Adding Bevacizumab to Endocrine Therapy No Help in Advanced Breast Cancer

February 19, 2015

The addition of bevacizumab to endocrine therapy did not prolong survival in postmenopausal women with advanced HER2-negative, HR–positive breast cancer.

The addition of bevacizumab did not prolong progression-free survival (PFS) or overall survival in postmenopausal women with HER2-negative, hormone receptor–positive advanced breast cancer treated with first-line endocrine therapy.

The results of the Letrozole/Fulvestrant and Avastin (LEA) study were published in the Journal of Clinical Oncology.

The median PFS was 14.4 months in the endocrine therapy arm and 19.3 months in the endocrine therapy plus bevacizumab arm (hazard ratio = 0.83; P = .126). The overall response rate was 22% and 41% in the control arm and the bevacizumab arm (P < .001). The duration of response was 13.3 months in the control arm compared with 17.6 months in the bevacizumab arm (P = .434). The time to treatment failure and overall survival were similar in both treatment arms.

Study author Miguel Martín, MD, PhD, of Complutense University of Madrid told Cancer Network that there was a trend towards a better PFS in favor of the combination of bevacizumab and hormones. “Therefore, we cannot simply conclude that bevacizumab is ineffective in this setting.”

“One of the relatively surprising things we found in the LEA trial is that the PFS of the control group was greater than expected,” said Martín. The high PFS in the control arm likely affected the results, as the sample size of the study was calculated based on a PFS assumption that turned out to be erroneous, added Martín.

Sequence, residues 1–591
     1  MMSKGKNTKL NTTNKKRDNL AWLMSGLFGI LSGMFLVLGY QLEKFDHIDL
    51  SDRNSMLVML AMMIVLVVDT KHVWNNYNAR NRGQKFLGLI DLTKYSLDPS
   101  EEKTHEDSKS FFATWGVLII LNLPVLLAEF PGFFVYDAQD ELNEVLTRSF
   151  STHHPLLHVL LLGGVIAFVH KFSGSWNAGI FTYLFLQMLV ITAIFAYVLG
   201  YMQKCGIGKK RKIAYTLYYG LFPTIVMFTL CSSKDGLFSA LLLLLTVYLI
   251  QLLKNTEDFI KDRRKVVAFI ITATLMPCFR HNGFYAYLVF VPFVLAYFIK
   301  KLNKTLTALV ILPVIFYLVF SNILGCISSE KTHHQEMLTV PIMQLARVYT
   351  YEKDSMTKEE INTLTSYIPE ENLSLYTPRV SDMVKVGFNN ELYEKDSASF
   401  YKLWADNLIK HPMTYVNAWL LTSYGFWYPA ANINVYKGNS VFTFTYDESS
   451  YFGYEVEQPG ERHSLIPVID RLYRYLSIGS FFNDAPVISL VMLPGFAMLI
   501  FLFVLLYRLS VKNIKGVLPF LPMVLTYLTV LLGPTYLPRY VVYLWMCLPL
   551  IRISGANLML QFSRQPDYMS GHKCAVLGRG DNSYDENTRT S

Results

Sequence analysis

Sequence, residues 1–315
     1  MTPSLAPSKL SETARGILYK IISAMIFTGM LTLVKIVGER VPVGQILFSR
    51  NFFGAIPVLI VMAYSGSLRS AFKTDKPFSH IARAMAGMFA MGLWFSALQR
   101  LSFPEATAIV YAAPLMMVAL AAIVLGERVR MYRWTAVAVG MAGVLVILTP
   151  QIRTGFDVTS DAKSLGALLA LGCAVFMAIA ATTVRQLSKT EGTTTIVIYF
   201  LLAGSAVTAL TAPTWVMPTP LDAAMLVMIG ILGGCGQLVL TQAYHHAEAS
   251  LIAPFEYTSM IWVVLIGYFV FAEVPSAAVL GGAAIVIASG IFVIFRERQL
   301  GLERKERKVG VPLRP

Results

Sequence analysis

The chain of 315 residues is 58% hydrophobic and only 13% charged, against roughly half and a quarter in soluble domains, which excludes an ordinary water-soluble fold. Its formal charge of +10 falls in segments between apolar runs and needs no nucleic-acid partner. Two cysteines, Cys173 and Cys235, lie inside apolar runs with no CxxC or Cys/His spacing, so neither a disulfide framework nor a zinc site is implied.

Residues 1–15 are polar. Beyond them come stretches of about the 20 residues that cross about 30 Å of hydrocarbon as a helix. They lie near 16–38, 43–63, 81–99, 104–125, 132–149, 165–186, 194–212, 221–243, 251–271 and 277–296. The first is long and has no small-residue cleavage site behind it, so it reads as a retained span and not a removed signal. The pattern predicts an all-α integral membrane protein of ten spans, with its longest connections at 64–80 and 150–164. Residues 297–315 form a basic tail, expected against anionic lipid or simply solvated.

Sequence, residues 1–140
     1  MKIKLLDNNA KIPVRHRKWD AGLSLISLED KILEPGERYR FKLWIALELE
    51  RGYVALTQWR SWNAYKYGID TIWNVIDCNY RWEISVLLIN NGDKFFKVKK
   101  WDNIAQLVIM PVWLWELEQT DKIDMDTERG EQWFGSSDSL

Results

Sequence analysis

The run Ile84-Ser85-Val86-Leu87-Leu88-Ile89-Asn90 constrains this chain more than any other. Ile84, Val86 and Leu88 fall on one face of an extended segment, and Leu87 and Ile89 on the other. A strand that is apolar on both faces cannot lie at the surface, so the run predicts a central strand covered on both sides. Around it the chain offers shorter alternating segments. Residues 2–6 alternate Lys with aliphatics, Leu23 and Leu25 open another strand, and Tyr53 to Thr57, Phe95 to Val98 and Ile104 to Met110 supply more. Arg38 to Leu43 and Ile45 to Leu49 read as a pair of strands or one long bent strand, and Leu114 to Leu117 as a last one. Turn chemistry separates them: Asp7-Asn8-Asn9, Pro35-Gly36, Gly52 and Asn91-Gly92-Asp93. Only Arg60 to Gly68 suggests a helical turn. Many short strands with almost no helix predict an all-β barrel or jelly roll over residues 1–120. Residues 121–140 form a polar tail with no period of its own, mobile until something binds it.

“When we designed the LEA trial we established that the incremental benefit on PFS obtained by adding bevacizumab to hormones should be big enough to justify the inconveniences associated with the intravenous administration of bevacizumab and the toxicity of the drug,” said Martín.

The open-label trial conducted in Spain and Germany analyzed 374 intent-to-treat patients. The median age of patients was 65 years; 48% had visceral metastases. Fifty-two percent of patients had received prior chemotherapy. Bevacizumab was given at a 15-mg/kg dose every 3 weeks until disease progression, and no dose reductions of the antibody or endocrine therapy were permitted.

Grade 3 or 4 hypertension, aminotransferase elevation, and proteinuria were significantly higher in the bevacizumab arm. Hypertension occurred in 15% of patients in the bevacizumab arm compared with 3% of patients in the control arm (P < .001). Five patients experienced thromboembolic events of any grade; four were in the bevacizumab arm. More serious adverse events were seen in the bevacizumab treatment arm-64 events in 48 patients compared with 21 events in 17 patients in the control arm (P < .05). Eight patients (4.2%) in the bevacizumab arm died during the study or within 30 days of ending therapy from a pulmonary embolism, heart failure, cerebellum infarction, stroke, liver failure, or acute myocardial infarction. One patient died of unknown causes.

The impetus for the study was prior preclinical evidence and a few uncontrolled clinical studies in the neoadjuvant setting that suggested a synergism between bevacizumab and hormonal therapy, Martín told Cancer Network. “The LEA trial is the first randomized trial aimed at exploring the interest of the combination of bevacizumab and hormonal therapy in a formal way,” he said.

According to Martín, identifying markers that could predict a response to bevacizumab will be important in defining the drug’s role in metastatic breast cancer, but, unfortunately, researchers have yet to identify any such factors.

The Cancer and Leukemia Group B (CALGB) 40503 trial, which has a similar trial design to the LEA trial but with a larger sample size and greater statistical power, will be completed soon. “[This trial will] provide significant additional information about the interest of combining bevacizumab and hormones,” said Martín.